Oral Pathologist – this is a specialist who knows how to examine your mouth for abnormalities that include cancer.
Orthodontist – this is a dentist who specializes in correcting the alignment of teeth using tools that include braces.
Pediatric Dentist – this is a dentist that only treats children’s teeth.
Periodontist – this is a dental specialist who treats the tissues surrounding the teeth.
Some of the Treatments Your Dentist Might Recommend
Amalgam – this is a type of dental filling that could be used to restore teeth that have cavities. It contains a mix of various metals, such as silver, mercury, and copper.
Bridge – this appliance might be recommended if you’re missing one or more teeth. It will be used to attach artificial teeth to your natural teeth, bridging the gap between them and restoring your smile.
Composite – this is another type of dental filling that could be used to restore the health of a tooth when a cavity is found. It is colored like the rest of the teeth, allowing for a more natural appearance.
Extraction – this is performed when all or part of a tooth is removed by the dentist because other treatments were not possible.
Prosthesis – this is an artificial replacement for missing teeth.
Root canal – during this treatment, the pulp, or nerve, of a tooth is removed and the space is sealed before a crown is used to cover and protect the tooth.
Scaling and root planing – this procedure is used to provide a deep clean below the gumline.
Sealant – this is a plastic resin that could be applied to the biting surface of a tooth in order to prevent decay and cavities.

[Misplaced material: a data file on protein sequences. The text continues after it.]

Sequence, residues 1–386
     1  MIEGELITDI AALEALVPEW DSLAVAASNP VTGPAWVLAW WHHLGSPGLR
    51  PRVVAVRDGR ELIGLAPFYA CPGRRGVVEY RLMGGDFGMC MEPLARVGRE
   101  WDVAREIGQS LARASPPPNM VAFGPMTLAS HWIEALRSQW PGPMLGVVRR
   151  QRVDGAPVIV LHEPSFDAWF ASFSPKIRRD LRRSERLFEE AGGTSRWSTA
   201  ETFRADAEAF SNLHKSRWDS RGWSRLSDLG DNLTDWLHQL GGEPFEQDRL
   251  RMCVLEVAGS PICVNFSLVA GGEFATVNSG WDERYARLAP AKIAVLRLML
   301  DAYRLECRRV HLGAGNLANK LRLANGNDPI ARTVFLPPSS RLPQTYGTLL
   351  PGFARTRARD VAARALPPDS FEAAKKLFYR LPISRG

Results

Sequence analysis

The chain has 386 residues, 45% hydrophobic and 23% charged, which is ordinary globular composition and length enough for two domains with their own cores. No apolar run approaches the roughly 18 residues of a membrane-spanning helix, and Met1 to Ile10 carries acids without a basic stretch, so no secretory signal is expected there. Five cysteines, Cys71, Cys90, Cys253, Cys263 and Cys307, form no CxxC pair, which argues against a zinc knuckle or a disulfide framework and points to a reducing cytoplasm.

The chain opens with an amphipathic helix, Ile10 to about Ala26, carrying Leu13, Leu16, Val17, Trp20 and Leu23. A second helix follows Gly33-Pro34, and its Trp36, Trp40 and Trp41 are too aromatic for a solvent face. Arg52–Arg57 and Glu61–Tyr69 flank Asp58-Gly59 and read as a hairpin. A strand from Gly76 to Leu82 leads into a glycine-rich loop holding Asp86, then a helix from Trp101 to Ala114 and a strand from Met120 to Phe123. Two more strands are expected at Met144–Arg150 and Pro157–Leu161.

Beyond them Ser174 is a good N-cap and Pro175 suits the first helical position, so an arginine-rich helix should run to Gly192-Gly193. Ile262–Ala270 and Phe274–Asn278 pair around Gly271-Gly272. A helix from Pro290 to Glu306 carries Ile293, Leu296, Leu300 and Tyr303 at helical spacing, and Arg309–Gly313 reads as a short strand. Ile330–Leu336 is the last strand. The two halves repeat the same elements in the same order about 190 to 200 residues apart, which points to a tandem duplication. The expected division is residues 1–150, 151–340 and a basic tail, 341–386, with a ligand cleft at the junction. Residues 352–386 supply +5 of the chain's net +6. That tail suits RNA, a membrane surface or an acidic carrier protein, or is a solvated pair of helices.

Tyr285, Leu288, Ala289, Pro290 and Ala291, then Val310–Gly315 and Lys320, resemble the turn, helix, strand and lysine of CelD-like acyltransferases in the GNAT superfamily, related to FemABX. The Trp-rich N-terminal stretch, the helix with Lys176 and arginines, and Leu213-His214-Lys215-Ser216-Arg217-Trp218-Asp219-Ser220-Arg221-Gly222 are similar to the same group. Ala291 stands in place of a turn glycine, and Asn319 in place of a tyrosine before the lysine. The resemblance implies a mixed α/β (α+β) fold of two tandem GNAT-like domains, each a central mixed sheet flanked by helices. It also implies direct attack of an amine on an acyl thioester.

Veneers – these are thin covers that could be applied to your teeth in order to improve their appearance. They could be made of various materials, such as ceramic or acrylic resin.
Getting to Know Your Dental Anatomy
Buccal – this refers to the areas of your teeth that are near your cheeks.
Cementum – this is the thin tissue covering tooth roots.
Crown – this is the top part of a tooth (note: this term could also refer to the cover that’s used to restore the appearance and function of a tooth).
Dentin – this is the part of your tooth that lies beneath the enamel and the cementum.
Enamel – this is the hard surface on the exterior of your teeth.
Gingiva – this is another term for gums, which are the soft tissues that surround the teeth.
Lingual – this refers to the areas of your teeth that are near the tongue.
Occlusal Surface – this refers to the area of a tooth that is used for chewing.
Palate – this is the roof of the mouth.
Pulp – this is the soft tissue that is found inside your teeth. It contains nerves and blood vessels.
Root – this is the bottom part of a tooth. It anchors the tooth into your jaw and it is covered by the gums.
Temporomandibular joint – also referred to as TMJ, this is the joint that connects the skull and the lower jaw.
Feeling Smarter and Ready for Your Next Appointment?
Knowing these dental terms might help you feel more in control the next time that you have to see your dentist. And your dentist might even appreciate the fact that you’ve taken the time to become more informed and to take charge of your health.